• Is there anything about nutrition that you would like to learn more about?
  • Does your family have any special dietary rules?
  • How does your culture influence your eating habits?
  • How does the media / television commercials / social media / celebrities / models / etc. influence your eating habits?
  • What is your opinion on fad diets?
  • If you have tried a fad diet, which one? How did it affect you physically, mentally and emotionally?
  • Do you tend to eat the same foods over and over again? If so, why is that? Would you like to try new foods? How can you begin incorporating new food choices into your day? What would eating new foods do for you?

Download this journal prompt.

McConnels Mill State Park, Slippery Rock Township, PA

The Value of Seeing a Therapist: what does your therapist do when they’re not in session?

MINDFULNESS 5, 4, 3, 2, 1 GROUNDING TECHNIQUE

This is a popular grounding technique, and it is for everyone.

This technique engages all 5 senses, which reminds you of the present moment, and builds awareness. This is a calming technique that can help you get through tough or stressful situations. Taking a deep belly breath at the beginning and end of this activity can feel calming and will help prepare you for the next thing that occurs. As you do this activity, saying the things that you sense out loud will reinforce your present state of being and awareness because you are hearing in your own voice what your brain is telling you and what your body is actually experiencing.

Take a deep belly breath to begin.

5 – LOOK: Look around for 5 things that you can see and say them out loud.

Example: “I see a dog, a chair, a lamp, a window, and a cup.”

4 – FEEL: Pay attention to your body and think of 4 things that you can feel. Say them out loud.

Example: “I feel the dog, the cushion that I’m sitting on, the sun coming in through the window on my skin, and the carpet beneath my feet.”

3 – LISTEN: Listen for 3 sounds and say them out loud.

Example: “I hear the dog snoring, the air conditioner running, and the birds outside singing.”

2 – SMELL: Say 2 things that you can smell. If you can’t smell anything from where you are, you may move to go smell something or say your favorite scent.

Example: “I smell the candle burning and the fabric softener on the chair throw.”

1 – TASTE: Say 1 thing that you can taste. If you can’t taste anything, then you can say your favorite thing to taste.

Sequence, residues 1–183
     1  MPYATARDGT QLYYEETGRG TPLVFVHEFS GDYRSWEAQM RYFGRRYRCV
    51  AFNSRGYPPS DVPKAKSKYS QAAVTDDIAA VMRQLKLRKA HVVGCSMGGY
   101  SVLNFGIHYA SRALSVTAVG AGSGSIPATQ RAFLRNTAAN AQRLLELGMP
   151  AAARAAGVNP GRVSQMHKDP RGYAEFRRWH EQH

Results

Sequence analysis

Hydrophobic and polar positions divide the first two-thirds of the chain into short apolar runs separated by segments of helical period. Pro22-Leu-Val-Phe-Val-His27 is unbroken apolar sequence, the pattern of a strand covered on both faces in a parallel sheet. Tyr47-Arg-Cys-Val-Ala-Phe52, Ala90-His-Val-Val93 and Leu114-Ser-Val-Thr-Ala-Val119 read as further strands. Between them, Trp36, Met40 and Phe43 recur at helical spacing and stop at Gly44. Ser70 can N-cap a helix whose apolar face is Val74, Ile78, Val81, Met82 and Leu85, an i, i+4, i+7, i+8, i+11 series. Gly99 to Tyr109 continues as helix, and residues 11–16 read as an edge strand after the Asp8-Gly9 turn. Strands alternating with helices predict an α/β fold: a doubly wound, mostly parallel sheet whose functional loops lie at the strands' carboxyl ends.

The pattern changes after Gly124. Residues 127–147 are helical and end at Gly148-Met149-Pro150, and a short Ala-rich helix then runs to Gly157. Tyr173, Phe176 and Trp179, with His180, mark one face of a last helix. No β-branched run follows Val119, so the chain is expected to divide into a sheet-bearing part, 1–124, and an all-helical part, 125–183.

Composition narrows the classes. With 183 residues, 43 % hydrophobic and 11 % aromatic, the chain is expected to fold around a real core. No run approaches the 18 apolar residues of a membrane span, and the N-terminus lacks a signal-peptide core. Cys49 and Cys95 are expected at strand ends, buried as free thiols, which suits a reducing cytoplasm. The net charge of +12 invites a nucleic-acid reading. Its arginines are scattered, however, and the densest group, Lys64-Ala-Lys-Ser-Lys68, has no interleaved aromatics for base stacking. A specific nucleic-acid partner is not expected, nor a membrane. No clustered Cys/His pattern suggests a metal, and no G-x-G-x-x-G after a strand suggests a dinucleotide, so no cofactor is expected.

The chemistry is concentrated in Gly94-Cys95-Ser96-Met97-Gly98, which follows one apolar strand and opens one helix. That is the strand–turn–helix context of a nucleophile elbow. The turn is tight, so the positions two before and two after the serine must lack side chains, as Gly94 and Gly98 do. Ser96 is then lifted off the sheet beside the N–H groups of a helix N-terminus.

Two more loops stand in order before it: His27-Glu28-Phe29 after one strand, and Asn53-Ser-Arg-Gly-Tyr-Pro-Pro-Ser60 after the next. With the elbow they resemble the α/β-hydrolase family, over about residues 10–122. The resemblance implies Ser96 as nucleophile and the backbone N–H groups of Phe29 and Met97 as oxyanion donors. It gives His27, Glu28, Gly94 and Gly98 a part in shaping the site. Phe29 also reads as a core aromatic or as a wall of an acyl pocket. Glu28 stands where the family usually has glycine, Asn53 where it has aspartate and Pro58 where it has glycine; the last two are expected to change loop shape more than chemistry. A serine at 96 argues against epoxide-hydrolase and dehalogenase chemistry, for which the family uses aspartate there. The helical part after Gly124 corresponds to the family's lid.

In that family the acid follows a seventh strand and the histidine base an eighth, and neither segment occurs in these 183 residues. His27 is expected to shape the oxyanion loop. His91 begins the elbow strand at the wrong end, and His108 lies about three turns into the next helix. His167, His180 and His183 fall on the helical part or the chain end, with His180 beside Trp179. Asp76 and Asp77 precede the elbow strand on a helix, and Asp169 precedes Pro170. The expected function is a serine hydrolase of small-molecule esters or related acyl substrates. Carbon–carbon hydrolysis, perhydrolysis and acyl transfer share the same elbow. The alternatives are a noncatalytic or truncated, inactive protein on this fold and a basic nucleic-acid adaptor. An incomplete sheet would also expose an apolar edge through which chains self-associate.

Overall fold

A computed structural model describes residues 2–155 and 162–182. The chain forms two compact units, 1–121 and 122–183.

Example: “I taste the toothpaste mint from when I brushed my teeth.”

Take another deep belly breath to end and notice how you feel.

Download this technique below to store on your device or to print it out and share!

Great Falls Park, McLean, Virginia

How to Find the Right Counselor

It can be challenging and anxiety provoking to find the right counselor. Sometimes it’s difficult knowing how to find the help that you specifically need. This article’s tips will answer some questions, help develop a plan, relieve stress, and lead you to finding the right counselor.

Licensed Professional Counselors

A licensed professional counselor works with people in most areas of life: Reducing anxiety; coping; adjusting to changes; dealing with depression and grief; overcoming trauma; fighting addiction; educating people about mental illnesses; family, marriage, and couples issues; relationships and communication; mental health disorders.

When choosing a counselor, look for someone who seems like they would be a good “fit”

Specialties

Look at the counselor’s specialties, they should be mentioned or listed on the counselor’s profile and website.

Examples:

• If you need help taking steps fighting an addiction, look for someone who specializes in addiction counseling.

• If you are going through a divorce, find someone who specializes in marriage and divorce.

• If you’re looking for Christian faith-based counseling, try searching in an online Christian counselor directory if you aren’t sure where the local Christian counselors are.

Approach to Therapy / Theoretical Orientation

Check out the counselor’s approach to therapy and the theories they apply.

Examples:

• Cognitive Behavioral Therapy (CBT)
• Person-Centered
• Gestalt

Some counselors use a variety and combination of these. Don’t stress on knowing the methods and theories, the counselor can teach you if you’d like to learn. Having a basic understanding that these theories are out there can lend a hand in making a decision about who you see. Certain theories are more appropriate than others when treating certain mental illnesses, the counselor will know these details.

When Using Health Insurance

If you want to use insurance to cover the cost, contact them and inquire about behavioral mental health providers in your area. Find out what your co-pay is. If you’re seeking a teletherapist, check to make sure your insurance covers teletherapy (again, check to see if there’s a co-pay because virtual mental health services might cost different than in-office services.). Once you contact a counselor, double check that they accept your insurance.

Find a Counselor Through an Online Directory

Another way to find a counselor is to check online directories. Some of these directories allow you to filter, which saves time and helps you find a counselor who better suits your needs. Psychology Today is a fantastic place to search for a counselor. TherapyDen is also an awesome site to look at. If you’re looking for a counselor who is plant-based or vegan, try Plant-Based Doctors. Using an online directory is a great way to find exactly what you’re looking for.